Welcome to a departure from Trackmaps normal fare: some early sample pages from a long-term project that will result in a significant new Historic Railway Atlas.

The Complete Atlas of
200 Years of Railway Stations
In The British Isles


The location of every passenger station, halt and restricted stopping place from 1807 to 2020
Originated and compiled by R. Stewart Smith


R Stewart Smith

 

The Origins of the Atlas

R. Stewart Smith is a mining and tunnelling engineer whose background and training makes for an enquiring mind. Like many, he was fascinated in childhood by railways and his chosen career has taken him closer than many to the hidden facets of railway lines.

In the 1950’s, the acquisition of a Scottish Region timetable intrigued him in the obscure railway station names that he was learning for the first time. Having a motorist’s touring map at the same time led to the discovery that the vast majority of stations did not appear and, being also fascinated by the style of Harry Beck’s London Tube map, he decided he would produce his own map of the railways of Scotland in that format.

This decision was also prompted by his realisation at that time that there were very few books with maps showing the extent of the railway network and those that existed were extremely small scale and often unreadable or included errors in the locations of some of the early stations. By making his own maps, he could also include references to the many station name changes which had occurred over the years. This became the foundation of a hobby that he has pursued for a large part of his working life and on into retirement entirely for his own benefit. His main aim has been to catalogue and map every passenger station, halt and restricted stopping place from 1807 (the generally accepted date of the first fare-paying passenger service in Britain* was inaugurated) to the current day.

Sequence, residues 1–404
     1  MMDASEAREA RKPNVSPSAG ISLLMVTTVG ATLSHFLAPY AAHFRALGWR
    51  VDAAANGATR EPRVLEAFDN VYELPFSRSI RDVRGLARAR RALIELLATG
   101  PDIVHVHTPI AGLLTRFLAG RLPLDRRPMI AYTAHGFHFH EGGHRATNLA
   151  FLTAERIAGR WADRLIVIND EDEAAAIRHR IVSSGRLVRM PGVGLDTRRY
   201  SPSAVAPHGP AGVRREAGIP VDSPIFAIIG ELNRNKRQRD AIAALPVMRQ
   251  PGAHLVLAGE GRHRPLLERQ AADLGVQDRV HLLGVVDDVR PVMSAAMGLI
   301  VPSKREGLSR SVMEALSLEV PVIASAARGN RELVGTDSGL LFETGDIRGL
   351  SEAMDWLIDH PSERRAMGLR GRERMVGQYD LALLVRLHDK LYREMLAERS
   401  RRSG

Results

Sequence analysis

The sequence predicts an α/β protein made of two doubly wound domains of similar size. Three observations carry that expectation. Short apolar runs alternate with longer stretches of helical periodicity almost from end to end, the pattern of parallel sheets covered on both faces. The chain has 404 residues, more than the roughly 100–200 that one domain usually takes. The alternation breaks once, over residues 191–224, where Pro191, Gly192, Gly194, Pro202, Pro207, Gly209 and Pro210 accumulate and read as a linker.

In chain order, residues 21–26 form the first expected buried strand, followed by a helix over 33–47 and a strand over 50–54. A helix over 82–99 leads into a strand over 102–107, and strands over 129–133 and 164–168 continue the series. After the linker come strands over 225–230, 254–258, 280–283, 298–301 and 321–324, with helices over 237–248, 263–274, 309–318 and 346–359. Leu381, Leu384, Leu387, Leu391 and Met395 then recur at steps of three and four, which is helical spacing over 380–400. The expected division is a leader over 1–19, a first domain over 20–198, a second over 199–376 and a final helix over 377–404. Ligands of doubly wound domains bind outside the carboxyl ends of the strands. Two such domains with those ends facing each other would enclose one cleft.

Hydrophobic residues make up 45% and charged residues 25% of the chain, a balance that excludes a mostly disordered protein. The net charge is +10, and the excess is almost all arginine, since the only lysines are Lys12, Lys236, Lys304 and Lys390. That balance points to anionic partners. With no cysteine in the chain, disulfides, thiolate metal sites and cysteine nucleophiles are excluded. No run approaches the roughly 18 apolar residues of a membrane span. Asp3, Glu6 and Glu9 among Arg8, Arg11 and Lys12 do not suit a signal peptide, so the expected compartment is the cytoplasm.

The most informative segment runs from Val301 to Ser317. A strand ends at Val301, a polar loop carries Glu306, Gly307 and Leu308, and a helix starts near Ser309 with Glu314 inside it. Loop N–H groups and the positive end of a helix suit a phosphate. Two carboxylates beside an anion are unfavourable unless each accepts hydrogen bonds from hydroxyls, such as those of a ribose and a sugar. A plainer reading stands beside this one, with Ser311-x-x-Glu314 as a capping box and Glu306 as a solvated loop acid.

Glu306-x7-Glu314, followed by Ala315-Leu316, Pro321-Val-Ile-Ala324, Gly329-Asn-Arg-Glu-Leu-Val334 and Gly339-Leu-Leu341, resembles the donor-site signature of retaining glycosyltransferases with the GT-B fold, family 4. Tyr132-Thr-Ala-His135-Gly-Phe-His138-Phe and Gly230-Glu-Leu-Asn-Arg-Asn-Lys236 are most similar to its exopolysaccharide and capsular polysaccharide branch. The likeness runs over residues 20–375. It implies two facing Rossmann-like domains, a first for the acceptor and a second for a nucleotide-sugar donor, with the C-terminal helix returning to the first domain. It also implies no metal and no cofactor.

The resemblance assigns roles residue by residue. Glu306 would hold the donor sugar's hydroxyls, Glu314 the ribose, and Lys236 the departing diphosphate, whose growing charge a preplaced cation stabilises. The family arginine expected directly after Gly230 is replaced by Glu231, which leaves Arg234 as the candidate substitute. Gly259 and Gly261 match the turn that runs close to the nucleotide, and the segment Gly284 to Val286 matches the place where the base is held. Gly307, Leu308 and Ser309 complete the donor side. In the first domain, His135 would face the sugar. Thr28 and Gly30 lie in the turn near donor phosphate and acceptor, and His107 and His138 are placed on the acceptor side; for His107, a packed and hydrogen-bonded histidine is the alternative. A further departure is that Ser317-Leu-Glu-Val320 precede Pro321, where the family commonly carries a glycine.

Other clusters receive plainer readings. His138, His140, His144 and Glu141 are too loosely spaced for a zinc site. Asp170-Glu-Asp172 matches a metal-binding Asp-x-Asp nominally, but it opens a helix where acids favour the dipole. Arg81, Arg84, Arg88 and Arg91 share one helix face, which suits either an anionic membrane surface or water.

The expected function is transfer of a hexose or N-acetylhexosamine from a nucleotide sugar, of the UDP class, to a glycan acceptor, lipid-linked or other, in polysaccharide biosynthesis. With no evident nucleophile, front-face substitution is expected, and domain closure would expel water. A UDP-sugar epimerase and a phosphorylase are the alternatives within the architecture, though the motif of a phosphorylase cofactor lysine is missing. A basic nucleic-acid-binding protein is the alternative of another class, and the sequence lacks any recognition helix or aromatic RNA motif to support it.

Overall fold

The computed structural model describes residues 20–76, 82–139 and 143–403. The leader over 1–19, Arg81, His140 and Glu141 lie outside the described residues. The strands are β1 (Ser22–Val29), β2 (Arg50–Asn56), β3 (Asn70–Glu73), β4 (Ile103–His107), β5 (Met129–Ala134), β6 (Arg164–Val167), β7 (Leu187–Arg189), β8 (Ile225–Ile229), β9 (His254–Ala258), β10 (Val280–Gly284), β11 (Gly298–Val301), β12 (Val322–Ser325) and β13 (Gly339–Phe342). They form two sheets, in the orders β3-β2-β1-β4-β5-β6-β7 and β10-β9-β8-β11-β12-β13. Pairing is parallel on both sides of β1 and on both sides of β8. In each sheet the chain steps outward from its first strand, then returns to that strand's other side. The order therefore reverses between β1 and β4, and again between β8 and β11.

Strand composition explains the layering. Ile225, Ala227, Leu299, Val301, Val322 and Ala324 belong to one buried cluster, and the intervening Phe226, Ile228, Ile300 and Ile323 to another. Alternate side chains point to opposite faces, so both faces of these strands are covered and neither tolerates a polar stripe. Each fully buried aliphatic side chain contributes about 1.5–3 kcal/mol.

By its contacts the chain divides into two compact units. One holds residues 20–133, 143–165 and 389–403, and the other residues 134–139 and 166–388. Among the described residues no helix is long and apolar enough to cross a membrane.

* Originally built in 1804 to carry limestone from quarries, The Swansea and Mumbles Railway (or the Oystermouth Railway) carried the world’s first fare-paying passengers from 1807. Operated by horses, it remained open until 1877.

The Format of the Atlas

The body of work that Stewart has created for this Atlas comprises nearly 300 A4 map pages covering the whole of Great Britain and Ireland. The map sheets are in two scales, a general scale for the countries as a whole and a series of larger scale maps covering urban areas. In addition, it includes over 700 pages of station notes, an index of Railway Companies, a tunnel index and a listing of bi-lingual station names.

Stewart says that he had no expectations and realised many years ago that this work would be quite difficult and costly to publish. As a consequence, he has continued to maintain and update the information for his own interest, although he was always been prepared to permit it to be used by any genuine researcher.

The Project

Brought to Trackmaps attention by his daughter, we now intend to facilitate that. Trackmaps believes that this is a body of work that deserves to brought to public attention for the benefit of researchers and the many other persons interested in the history of the railways of these Islands and we plan to do that by converting the maps and text to a publishable digital format over the next 12 months and make it available online on a free-to-access basis. For anyone possessing one of the authoritative and recognised reference books in this area of study, the maps alone will offer significant benefits to the reader.

The link below provides access to a downloadable PDF set and a read online set of sample maps. There 19 pages in the sample, an Overview map, 16 maps covering the Midlands area at the two main scales and 2 Keys, one of which relates to the historic Railway Companies. Trackmaps expects to add to these pages over the coming months but the whole project is not likely to be complete until late 2021.

Download the PDF

View the maps

Please note that the maps are ©R.S.Smith/Trackmaps and are only for personal private use. It would be appreciated if users respect the copyright.